"Yeah, well, it's all the rage on Bajor." She hated these little word games, the quips and verbal sparring, but that didn't stop her from being drawn in.
"Yes, I suppose the occupation did set you back a few decades. Don't worry. You'll catch up soon enough."
She started laughing, and the alarm on his face only made her laugh harder.
"Perhaps I should consider a career as a comedian," he said.
Kira finally caught her breath, forcing the laughter back into whatever mysterious place it had come from. "Tailoring probably pays better."
"I suppose you're right," Garak said. "There's certainly no shortage of uniforms that need to be mended." He hesitated, taking a moment to study her before asking: "Are we done here?"
Kira leaned back against the console. "Did you love her?"
"I beg your pardon?"
"She loved you," Kira said. "Everybody knew that. But did you love her?"
Garak brushed imaginary dust from his clothing. "I really don't see how that's any business of yours."
"You Cardassians," she sneered. "Why is it so hard for you to admit a simple truth?"
"There is no such thing as truth," Garak said. "And even if there were, it mostly certainly wouldn't be simple. Besides which, how would you even recognize it? I could tell you no, I didn't love her. I simply enjoyed having Gul Dukat's precious daughter eating out of the palm of my hand. Or I could tell you I did love her. I could tell you she was the home I never had, that she made life on this glorified torture chamber bearable. I could tell you that I felt nothing except friendship, or that I felt like a father to her. How would you know which is true? If none of them are true? Truth, my dear major, is nothing more than a lie you can live with."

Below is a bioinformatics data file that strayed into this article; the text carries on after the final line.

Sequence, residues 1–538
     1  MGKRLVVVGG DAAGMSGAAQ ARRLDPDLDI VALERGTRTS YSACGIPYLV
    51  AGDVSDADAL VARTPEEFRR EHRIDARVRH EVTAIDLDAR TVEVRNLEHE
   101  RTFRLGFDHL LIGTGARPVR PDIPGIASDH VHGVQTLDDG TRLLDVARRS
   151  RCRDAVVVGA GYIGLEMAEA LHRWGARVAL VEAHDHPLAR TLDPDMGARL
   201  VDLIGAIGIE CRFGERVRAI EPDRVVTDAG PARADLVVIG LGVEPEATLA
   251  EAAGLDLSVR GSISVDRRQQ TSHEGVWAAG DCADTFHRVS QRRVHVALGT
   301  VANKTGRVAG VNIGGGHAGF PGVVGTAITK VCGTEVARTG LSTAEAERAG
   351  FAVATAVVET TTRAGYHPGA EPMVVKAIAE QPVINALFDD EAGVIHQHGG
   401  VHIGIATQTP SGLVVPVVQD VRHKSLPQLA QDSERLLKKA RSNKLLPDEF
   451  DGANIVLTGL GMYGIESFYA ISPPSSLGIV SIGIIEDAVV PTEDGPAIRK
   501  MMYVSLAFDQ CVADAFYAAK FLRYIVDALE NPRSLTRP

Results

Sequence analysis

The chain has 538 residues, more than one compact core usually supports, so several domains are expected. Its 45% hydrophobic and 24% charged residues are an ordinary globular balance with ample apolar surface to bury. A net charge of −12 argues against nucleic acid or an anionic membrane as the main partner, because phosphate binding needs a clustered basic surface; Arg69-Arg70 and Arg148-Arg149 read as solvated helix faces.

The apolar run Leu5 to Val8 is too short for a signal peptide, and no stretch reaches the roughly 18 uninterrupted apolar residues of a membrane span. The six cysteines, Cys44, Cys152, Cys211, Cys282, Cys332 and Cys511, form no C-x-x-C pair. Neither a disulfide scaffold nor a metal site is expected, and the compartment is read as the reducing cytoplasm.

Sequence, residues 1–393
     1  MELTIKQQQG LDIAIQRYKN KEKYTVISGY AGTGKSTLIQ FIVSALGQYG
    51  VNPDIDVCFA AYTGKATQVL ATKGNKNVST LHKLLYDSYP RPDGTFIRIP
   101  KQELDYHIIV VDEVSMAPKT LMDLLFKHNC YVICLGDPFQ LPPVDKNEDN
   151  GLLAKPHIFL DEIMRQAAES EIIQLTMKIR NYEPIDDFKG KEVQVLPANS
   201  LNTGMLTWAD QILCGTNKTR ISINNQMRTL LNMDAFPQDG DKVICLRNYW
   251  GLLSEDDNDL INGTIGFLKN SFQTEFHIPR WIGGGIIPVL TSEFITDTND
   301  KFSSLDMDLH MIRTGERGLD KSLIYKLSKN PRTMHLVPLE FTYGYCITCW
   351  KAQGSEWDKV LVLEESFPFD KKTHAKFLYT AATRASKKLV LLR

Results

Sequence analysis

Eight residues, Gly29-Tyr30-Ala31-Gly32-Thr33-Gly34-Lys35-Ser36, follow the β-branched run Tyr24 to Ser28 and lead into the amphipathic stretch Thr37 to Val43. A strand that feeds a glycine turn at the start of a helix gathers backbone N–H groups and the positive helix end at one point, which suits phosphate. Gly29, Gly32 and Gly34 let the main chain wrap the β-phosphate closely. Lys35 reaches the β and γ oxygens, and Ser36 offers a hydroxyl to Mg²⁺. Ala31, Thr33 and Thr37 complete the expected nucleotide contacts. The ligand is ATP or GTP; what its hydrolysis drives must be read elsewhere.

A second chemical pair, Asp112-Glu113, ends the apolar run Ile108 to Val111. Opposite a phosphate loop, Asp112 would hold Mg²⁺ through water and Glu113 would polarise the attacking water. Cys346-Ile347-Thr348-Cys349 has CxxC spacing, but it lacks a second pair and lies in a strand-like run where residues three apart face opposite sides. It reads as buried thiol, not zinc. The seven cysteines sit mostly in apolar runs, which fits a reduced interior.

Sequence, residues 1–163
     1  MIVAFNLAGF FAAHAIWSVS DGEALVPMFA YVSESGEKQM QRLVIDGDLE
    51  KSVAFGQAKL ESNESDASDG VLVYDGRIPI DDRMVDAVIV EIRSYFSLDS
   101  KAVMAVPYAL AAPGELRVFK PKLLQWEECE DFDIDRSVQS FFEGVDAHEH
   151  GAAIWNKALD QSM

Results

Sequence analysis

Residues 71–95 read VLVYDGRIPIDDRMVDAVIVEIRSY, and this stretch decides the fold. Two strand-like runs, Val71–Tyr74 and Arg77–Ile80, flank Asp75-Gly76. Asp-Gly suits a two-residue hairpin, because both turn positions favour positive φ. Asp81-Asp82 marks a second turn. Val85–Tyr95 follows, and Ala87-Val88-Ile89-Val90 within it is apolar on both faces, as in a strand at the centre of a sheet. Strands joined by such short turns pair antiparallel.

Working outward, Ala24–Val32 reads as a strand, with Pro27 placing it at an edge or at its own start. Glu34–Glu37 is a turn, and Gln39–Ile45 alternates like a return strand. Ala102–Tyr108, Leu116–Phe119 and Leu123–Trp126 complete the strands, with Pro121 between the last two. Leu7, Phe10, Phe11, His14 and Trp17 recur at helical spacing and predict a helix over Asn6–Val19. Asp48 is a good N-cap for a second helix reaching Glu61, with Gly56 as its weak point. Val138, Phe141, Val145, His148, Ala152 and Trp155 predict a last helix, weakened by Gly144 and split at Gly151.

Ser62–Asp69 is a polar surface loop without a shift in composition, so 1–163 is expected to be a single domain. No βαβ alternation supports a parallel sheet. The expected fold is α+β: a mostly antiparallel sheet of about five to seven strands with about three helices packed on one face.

His voice was cold enough to burn, but Kira never looked away, never broke eye contact. When he finished, it seemed as though something had drained out of him. Out of her too.
"I miss her," she said. "Every moment, every day. I grieve for the senselessness of her loss. I'm furious with the bastard who shot her, with Dukat for not protecting her…and with myself. For not being there, not saving her." Still her eyes never left his. "That's the truth. That's the simple truth."
Garak was the first to look away. "You'll forgive me if I'm not impressed."
"And the funniest part is, you're the only one I can really talk to about it." She continued as though he hadn't spoken. "I've spent my entire life fighting Cardassians, and now I'm mourning the death of a woman who was half-Cardassian, and the only people I can talk to about it are a war criminal who's lost his mind and…you. Whatever you are."
"Just a simple tailor," Garak said.
"Nothing is simple," Kira echoed his earlier words, and he smiled.
"Perhaps you're right," he said. "Regardless, I am not a counselor. If you will permit me to leave?"
Kira nodded, and he walked quickly towards the door.
And then he stopped, almost turning to face her again.
"Cutting cloth can be an extremely tedious task," he said. "And my shop can get quite lonely. I would not object to company from time to time."
Kira smiled. "I'll keep that in mind.